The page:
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How I Came to Terms With My Boyfriend's Infidelity -- and My Own

Bestselling novelist Katie Crouch tells her own story of monogamy and adultery.

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“I didn’t mean  him,” he cried after wrenching the identity of my other from me — a cute, gregarious friend 10 years my junior. “How could you?”

Immediately, I stopped. I hadn’t really wanted to go out with anyone else anyway, because I was in love with Ben. But now, dear God, I was a potential (though, thankfully, childless) Medea. The ax was sure to fall sometime. I had sinned, and now it was his turn.

The thought made me sick. The truth was I would be completely crushed if he slept with someone else. How could I have been so stupid as to propose this plan? I became obsessed with the thought of him in bed with almost every woman I knew. Would it be the intern? Or that blond student? What about that bitchy editor with the hip spiky boots?

Certainly, opportunity loomed large. Ben is a successful novelist. When you are a woman and you share your work at a reading, you can probably expect a free drink, if you’re lucky. Male writers — even mean, old ones — invariably end up surrounded by willing women between the ages of 22 and 30 in innocently bookish yet tight sweaters. (I still have a few leftover in my closet.) How could anyone turn away from those shining faces, those adoring nods at dial-a-writer gems such as:  There’s no such thing as a happy ending! and When you stop writing, you die!

The stress was mounting. One evening, after patiently listening to my jealous wheedling, he left for a reading alone. I pitched “Anna Karenina” at the door, then passed the rest of the night with a bottle of Malbec and one of my very favorites: “Wide Sargasso Sea.” Ever read that one? The heroine gets so crazy over the loss of her husband’s love she sets herself on fire, along with Thornfield Hall, the home of the much less endearing Jane Eyre.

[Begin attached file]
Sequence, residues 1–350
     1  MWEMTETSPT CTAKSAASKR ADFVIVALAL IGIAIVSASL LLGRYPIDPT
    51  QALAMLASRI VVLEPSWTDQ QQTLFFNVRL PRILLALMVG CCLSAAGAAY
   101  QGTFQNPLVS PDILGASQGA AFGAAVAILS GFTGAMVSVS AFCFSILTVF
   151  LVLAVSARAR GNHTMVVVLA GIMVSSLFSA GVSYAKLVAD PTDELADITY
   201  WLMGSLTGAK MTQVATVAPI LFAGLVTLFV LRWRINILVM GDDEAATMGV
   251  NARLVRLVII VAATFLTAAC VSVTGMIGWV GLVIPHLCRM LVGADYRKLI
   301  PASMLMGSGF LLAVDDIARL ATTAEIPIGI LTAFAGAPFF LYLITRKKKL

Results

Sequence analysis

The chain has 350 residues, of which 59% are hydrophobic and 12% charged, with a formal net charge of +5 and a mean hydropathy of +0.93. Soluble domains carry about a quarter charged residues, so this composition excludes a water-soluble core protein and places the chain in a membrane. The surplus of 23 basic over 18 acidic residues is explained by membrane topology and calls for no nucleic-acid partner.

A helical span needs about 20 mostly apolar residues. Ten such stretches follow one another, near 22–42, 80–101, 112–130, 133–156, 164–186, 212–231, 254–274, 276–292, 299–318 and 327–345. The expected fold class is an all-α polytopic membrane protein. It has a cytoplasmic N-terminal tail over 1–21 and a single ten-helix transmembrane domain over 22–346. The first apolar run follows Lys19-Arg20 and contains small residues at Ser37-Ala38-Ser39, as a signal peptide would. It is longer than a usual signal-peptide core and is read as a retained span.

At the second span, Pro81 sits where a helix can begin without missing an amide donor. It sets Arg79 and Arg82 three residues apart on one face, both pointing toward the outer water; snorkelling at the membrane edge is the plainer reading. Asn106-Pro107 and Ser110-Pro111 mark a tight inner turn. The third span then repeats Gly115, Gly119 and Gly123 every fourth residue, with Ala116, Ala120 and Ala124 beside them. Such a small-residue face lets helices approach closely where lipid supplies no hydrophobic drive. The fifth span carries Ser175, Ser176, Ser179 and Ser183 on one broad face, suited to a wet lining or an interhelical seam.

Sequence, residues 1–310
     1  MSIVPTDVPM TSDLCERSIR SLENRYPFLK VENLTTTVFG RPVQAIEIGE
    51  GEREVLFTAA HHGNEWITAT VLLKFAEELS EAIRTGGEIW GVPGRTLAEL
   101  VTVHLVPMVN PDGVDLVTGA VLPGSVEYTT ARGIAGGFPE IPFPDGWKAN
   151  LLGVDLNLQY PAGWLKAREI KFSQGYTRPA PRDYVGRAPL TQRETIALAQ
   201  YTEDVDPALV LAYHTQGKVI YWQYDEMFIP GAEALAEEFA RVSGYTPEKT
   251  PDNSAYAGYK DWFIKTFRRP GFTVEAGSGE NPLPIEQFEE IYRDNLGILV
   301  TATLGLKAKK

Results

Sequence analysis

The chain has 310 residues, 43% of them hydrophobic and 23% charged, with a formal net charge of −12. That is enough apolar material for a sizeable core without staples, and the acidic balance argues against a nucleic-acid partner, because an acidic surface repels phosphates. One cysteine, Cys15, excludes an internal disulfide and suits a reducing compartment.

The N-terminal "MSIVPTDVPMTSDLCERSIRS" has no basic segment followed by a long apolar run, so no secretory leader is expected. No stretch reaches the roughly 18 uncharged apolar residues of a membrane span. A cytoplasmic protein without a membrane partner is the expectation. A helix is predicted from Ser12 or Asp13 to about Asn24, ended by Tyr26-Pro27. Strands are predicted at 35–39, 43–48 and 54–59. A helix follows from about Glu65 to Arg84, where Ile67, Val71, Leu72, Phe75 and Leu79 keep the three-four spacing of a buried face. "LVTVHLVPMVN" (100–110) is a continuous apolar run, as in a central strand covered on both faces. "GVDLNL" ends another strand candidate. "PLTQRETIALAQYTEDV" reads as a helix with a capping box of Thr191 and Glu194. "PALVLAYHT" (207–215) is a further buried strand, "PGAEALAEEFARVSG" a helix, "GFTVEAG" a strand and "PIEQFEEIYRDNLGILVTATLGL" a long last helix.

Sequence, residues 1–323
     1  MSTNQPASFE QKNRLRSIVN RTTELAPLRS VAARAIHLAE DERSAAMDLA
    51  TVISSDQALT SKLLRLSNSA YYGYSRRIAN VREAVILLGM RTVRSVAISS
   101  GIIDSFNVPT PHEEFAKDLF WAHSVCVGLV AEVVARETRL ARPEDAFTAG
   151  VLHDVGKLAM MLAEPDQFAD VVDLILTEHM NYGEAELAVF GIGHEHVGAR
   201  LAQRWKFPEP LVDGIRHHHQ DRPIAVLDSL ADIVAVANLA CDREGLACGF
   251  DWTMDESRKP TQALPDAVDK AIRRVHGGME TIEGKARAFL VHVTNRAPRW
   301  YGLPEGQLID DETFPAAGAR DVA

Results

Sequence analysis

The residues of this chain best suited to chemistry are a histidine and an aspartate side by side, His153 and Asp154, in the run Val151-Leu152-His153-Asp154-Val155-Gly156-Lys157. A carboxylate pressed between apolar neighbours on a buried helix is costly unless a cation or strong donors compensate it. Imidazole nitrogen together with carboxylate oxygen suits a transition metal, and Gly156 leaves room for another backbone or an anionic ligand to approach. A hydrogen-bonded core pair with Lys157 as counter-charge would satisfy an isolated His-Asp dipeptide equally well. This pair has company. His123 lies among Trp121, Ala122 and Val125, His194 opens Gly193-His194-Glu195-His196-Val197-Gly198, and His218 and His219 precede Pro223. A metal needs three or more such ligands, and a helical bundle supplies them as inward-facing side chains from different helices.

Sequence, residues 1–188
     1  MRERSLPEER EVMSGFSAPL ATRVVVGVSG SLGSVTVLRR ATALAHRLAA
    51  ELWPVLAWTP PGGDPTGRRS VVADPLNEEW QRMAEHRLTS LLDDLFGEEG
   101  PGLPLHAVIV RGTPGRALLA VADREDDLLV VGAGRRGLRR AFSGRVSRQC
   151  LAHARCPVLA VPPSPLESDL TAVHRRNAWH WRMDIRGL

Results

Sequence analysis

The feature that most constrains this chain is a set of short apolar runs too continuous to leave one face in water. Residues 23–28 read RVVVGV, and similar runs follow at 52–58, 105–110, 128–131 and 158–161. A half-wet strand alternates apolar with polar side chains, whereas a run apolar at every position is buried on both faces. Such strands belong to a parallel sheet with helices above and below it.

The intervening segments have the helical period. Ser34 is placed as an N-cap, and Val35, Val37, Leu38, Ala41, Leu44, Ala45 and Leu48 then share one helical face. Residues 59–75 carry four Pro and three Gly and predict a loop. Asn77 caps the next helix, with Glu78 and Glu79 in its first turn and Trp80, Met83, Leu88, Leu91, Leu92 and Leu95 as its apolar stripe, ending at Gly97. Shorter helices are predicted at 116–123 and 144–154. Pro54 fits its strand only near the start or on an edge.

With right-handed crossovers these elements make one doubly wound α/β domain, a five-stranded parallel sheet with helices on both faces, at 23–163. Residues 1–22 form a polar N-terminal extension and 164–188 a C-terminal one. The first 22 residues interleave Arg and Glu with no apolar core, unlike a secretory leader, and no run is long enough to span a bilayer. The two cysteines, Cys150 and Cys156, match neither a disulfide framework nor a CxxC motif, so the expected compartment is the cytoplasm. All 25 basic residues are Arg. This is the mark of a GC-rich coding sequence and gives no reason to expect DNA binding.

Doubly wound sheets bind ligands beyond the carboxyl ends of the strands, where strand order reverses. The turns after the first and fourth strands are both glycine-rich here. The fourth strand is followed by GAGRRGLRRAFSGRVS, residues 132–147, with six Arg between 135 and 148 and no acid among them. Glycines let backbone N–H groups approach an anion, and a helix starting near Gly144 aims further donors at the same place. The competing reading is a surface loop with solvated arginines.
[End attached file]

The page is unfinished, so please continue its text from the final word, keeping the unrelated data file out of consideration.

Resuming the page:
Ben returned, reeking of beer and innocence.

“Of course I  could have,” he said to my tinny whines. “We always  can. But why would I be out there when you’re in here?”

Reader, it was a night for the pages. I was in love, and I was loved back. I didn’t trust it, given the literature, but it was nice for a while, anyway.

And then, the big plot twist: I got pregnant. There was hysteria, there was hair pulling. It didn’t matter. The kid was real.

After a few weeks, the panic waned. We took stock of our feelings and, frankly, our ages. Over some wine in a hippie beach town, we decided to try the “happy family thing.”

(Though, going back to that canon of greats, there aren’t a whole lot of examples of those, either.)

You might not believe this, but the monogamy questions persisted. This time there were no good literary examples to follow. Adultery when there is a child involved is not only kooky, it’s inarguably selfish. OK, in some instances, when the offspring is well insulated by staff and governesses, it can work for a while. Pierre sort of gets away with it in “War and Peace” – at least, that’s what a friend told me, as I’ve never finished the damned thing. Brenda Last, too, in “Handful of Dust,” until her son’s head gets kicked in by a horse. But in our servant-less existence, the prospect seemed to have real “Ice Storm” potential.

“Wait. Does this mean we can’t ever see other people again?” Ben asked, calling from one of his summer writing conferences when I was about 10 weeks along. “I never thought about that. Wow.”